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Barbara Craig is a partner of the firm practicing in the Natural Resources and Land Use group. She focuses her practice on federal environmental and natural resources law with an emphasis on endangered species compliance, and forestry and energy facility permitting and compliance issues. Barbara has extensive experience on issues involving the Endangered Species Act (ESA), National Forest Management Act (NFMA), Federal Land Policy and Management Act, Federal Power Act (FPA), Natural Gas Act, Marine Mammal Protection Act (MMPA), Migratory Bird Treaty Act (MBTA), Bald and Golden Eagle Protection Act (Eagle Act), National Environmental Policy Act (NEPA), National Historic Preservation Act (NHPA), Clean Water Act (CWA) and Administrative Procedures Act. Representative clients include forestry companies and associations, ports, pulp and paper interests, developers and owners of hydropower dams, wind energy projects, utilities, and oil and gas facilities in complex permitting matters. Governor Kulongoski appointed Barbara to the Oregon  Board of Forestry, where she served from 2004 through 2008.

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Introduction

On May 1, 2024, the Council on Environmental Quality (“CEQ”) promulgated the Bipartisan Permitting Reform Implementation Rule (“Final Rule”), 89 Fed. Reg. 35,442 (May 1, 2024), which is better known as Phase 2 of the Biden Administration’s revisions to the regulations that implement the National Environmental Policy Act (“NEPA”).

NEPA imposes a procedural requirement

Introduction

On July 31, 2023, the Council on Environmental Quality (“CEQ”) proposed the Bipartisan Permitting Reform Implementation Rule (“Proposed Rule”), 88 Fed. Reg. 49,924 (July 31, 2023), which is better known as Phase 2 of the Biden Administration’s revisions to the regulations that implement the National Environmental Policy Act (“NEPA”).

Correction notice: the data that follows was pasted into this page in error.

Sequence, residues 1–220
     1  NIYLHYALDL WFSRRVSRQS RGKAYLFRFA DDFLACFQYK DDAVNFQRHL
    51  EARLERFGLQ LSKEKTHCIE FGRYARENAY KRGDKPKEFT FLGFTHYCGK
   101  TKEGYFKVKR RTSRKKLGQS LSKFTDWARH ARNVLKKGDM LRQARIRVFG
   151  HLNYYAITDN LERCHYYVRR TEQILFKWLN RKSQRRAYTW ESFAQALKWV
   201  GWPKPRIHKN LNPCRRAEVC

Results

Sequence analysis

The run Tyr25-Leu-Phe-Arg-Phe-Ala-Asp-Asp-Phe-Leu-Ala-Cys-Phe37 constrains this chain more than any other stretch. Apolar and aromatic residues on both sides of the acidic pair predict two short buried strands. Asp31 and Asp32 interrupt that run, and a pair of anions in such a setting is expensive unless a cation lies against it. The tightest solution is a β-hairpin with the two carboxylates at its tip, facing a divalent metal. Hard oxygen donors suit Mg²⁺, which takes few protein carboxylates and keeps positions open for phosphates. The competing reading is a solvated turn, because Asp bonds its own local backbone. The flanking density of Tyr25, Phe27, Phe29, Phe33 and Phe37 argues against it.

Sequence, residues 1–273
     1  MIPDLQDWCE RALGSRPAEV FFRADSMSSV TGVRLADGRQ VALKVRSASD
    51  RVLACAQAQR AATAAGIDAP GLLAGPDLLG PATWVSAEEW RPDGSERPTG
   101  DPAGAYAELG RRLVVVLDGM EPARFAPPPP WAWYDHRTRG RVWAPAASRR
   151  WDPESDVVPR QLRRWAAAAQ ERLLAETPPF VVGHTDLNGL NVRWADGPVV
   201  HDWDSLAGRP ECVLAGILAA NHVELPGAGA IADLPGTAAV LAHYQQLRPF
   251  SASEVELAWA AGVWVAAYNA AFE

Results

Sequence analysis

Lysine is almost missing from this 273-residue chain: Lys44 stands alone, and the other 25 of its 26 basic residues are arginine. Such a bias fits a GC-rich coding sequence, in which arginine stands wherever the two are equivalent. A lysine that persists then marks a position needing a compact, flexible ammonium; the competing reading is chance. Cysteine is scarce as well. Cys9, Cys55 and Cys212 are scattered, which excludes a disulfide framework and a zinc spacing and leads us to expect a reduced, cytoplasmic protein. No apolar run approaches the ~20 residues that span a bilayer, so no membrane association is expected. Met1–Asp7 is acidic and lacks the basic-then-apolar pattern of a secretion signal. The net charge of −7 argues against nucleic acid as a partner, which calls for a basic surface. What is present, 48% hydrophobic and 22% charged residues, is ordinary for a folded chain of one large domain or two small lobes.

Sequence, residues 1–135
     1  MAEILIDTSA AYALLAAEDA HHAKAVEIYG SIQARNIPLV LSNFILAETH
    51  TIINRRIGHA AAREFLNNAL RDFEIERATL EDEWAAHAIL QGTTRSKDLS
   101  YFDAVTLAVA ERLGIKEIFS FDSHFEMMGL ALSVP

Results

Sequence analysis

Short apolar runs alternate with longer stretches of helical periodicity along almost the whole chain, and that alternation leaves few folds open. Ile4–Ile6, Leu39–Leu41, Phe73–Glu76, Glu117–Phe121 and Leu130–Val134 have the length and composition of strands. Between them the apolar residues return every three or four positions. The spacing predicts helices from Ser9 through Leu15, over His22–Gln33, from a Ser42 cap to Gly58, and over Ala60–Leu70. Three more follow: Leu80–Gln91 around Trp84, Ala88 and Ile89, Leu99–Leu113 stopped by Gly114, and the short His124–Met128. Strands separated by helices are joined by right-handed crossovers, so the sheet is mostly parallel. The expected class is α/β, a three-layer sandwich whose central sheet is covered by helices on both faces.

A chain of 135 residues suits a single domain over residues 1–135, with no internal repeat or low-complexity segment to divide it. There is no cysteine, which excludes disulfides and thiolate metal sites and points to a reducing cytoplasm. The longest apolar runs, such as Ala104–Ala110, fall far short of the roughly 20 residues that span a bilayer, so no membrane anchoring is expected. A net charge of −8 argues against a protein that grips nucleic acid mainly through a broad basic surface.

NEPA imposes a procedural requirement that does not mandate outcomes, only informed decision making. Despite its procedural nature, NEPA is one of the primary mechanisms for project opponents to challenge projects and is the most litigated federal statute. CEQ describes the changes in the Proposed Rule as promoting efficient and effective environmental review while increasing regulatory certainty. Given the history of NEPA litigation, and the significant changes in the Proposed Rule, it is likely that these changes will open new pathways for litigation and require courts to interpret the changes before providing regulatory certainty.

Background Leading to the Proposed Rule

Prior to 2020, the regulations implementing NEPA, 40 C.F.R. §§ 1500-1508, had not been meaningfully updated since 1978. In 2020, CEQ finalized significant changes to the regulations, which were designed to speed up project review and limit agency discretion in considering impacts beyond the immediately proposed project. In 2021 CEQ started a phased process to revise the NEPA regulations. In April 2022, CEQ issued its Phase I Rule, 87 Fed. Reg. 23,453 (April 20, 2022), which restored the 1978 regulations’ provisions on the purpose and need statement, defined “effects of the action,” and restored agency discretion to adopt procedures beyond those contained in the CEQ regulations.Continue Reading Phase 2 NEPA Revisions: Significant Changes Proposed by CEQ in the Proposed Bipartisan Permitting Reform Rule